For a Missouri couple who built a Bible camp and retreat center, their rustic, budget-friendly director’s house is icing on the cake.
After building a Bible camp and retreat center, a Missouri couple cap off the project with a carefully constructed director’s home that features hands-on detailing and design with loads of outdoorsy appeal.
WWhen Carol and Bill Anderson decided to build a home on the property of the Bible camp and retreat center they founded near Clinton, Missouri, Carol dove right into the project, despite her lack of experience. “I did all the plans and blueprints and design work,” she explains. “I loved it, but it took me a year to get it exactly how I wanted it.”
She had years to consider just what she wanted in a home—the couple, who started the LifeChange Camp and Retreat Center in 2003, initially lived in a one-bedroom apartment on the 80-acre site while they focused on making their vision for the center a reality. Bill, a former pastor, and Carol worked with volunteers to build the 120-plus-bed center, which serves as a children’s Bible camp during the summer and an adult and youth retreat throughout the rest of the year.
By 2010, they were ready to start work on their home. After hiring a friend to supervise the initial construction—including pouring the foundation, framing, roofing and installing windows—the Andersons relied on volunteers (who, luckily, included retired plumbers and electricians) to help finish it.
However, as with many new home builds or remodeling jobs, the bestlaid plans can sometimes take a homeowner off course. Undaunted by challenges that come her way, Carol has a can-do attitude that applies to more than just the design of her and Bill’s home. When the volunteer who was laying the stone for the chimney had to leave the project, Carol didn’t hesitate to roll up her sleeves. “I said, ‘Show me how to do it,’ ” she recalls. “I finished it and did the stonework on the [porch] posts, too.” Floral fabric on diner-style stools adds a refreshing, unexpected touch to Carol and Bill Anderson’s welcoming kitchen, which features an open corner hutch Carol built out of two-by-eights and beadboard to lend a custom look to the “big-box store” cabinets the couple painted in a rich red.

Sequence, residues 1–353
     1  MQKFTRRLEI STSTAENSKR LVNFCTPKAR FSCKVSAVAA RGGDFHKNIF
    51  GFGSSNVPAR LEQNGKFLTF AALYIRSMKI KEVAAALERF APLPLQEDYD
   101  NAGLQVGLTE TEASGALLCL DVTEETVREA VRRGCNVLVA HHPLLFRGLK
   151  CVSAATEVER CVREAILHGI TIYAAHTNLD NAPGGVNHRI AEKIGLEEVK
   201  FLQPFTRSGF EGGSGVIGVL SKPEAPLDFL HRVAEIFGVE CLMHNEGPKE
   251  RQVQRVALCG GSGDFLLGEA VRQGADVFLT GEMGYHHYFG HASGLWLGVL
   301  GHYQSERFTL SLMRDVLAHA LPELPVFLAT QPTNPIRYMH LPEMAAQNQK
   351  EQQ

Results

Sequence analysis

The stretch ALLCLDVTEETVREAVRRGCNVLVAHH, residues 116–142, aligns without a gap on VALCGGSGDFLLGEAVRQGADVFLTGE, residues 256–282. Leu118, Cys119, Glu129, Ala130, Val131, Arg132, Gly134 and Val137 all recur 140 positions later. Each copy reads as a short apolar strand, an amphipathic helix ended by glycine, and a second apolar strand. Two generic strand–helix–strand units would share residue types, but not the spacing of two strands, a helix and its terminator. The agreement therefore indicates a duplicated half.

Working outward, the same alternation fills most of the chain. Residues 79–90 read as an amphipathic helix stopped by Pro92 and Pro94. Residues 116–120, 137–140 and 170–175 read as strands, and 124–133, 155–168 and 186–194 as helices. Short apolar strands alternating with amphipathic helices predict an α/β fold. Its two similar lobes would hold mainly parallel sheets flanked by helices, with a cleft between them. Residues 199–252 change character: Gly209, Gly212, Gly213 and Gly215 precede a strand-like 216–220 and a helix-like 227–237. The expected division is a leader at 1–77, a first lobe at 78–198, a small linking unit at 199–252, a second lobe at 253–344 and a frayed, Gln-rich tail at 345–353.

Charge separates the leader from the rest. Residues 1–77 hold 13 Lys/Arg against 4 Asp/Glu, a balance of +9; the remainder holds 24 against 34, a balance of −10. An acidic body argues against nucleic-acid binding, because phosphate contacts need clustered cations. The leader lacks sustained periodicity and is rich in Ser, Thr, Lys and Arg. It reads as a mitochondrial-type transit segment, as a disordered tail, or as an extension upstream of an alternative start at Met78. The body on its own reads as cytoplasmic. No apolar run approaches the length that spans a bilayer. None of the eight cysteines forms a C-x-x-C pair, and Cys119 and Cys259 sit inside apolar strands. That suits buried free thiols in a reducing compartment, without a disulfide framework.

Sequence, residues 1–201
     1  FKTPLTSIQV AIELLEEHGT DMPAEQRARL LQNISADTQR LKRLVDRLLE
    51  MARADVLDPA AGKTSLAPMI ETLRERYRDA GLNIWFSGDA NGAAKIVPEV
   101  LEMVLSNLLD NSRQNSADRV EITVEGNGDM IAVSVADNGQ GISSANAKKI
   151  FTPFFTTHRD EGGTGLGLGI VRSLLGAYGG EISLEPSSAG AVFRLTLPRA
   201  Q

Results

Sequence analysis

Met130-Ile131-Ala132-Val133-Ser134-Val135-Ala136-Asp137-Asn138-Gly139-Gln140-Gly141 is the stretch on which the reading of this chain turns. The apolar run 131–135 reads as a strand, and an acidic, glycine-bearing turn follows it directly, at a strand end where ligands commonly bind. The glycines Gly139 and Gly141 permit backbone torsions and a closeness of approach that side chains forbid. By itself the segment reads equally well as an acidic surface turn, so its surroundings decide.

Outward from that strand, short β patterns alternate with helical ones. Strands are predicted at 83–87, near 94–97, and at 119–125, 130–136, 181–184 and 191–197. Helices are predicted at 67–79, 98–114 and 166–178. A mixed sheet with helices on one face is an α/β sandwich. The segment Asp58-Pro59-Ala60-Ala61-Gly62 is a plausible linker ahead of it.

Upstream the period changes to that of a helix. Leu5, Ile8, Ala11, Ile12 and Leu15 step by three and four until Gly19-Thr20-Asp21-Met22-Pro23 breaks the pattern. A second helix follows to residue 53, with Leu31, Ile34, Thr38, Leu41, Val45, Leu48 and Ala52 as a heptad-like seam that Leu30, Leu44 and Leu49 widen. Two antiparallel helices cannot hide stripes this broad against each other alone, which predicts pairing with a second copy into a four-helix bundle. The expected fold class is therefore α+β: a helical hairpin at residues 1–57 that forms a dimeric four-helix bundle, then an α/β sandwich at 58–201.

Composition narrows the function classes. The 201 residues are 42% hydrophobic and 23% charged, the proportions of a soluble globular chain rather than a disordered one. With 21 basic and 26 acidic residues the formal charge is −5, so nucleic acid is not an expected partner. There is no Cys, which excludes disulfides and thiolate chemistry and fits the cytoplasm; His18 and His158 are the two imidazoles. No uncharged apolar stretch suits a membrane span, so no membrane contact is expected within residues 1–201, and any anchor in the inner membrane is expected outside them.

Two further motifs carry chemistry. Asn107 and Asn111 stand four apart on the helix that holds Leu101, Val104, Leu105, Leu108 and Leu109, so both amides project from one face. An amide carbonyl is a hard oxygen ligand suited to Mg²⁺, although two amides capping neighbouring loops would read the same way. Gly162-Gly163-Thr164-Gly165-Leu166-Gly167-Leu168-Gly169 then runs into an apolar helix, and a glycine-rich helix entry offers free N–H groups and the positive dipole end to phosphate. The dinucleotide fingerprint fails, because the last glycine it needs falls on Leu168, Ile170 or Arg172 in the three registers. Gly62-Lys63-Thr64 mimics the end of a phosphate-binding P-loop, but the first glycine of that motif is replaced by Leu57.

She was hands-on when it came to the interior details as well, customizing and painting the kitchen cabinetry and finishing the floors. After choosing rough-sawn pine flooring in varying board widths, the couple sanded them just enough to get the roughness off and stained them, coating them with an oilbased finish that darkens over time. “As it’s aged for the last eight years, I see a nice patina coming out,” Carol observes.
When construction ended, Carol set her sights on furnishing her new abode. The handy couple even constructed several pieces themselves, including some of the porch furniture. “It’s a little bit twig and a little bit Adirondack—it’s called ‘use what you’ve got!’ ” Carol says with a laugh.
The couple also pull out all the stops when creating a welcoming environment. For most hosts, making up a guest bed involves dressing it in fresh linens, but the Andersons literally made their visitors a cottagestyle bed from leftover fencing. “We had guests coming in a couple hours,” says Carol, who recalls asking Bill, “Don’t we have something we can use to make a bed?”
Although the Andersons excel at working within a budget, they refused to cut corners when creating their retreat. “We wanted to do this camp with excellence,” Carol explains. “We wanted to make sure it would still be relevant 20 years from now and not falling down.” The same applies to their home and its built-to-last craftsmanship. “It will be a good family home for the next director when we retire,” Carol reflects. Layers of textures—including the stone hearth, the wood mantel and furniture, a metal fire screen and candleholders— and plenty of natural foliage make the great room feel especially cozy.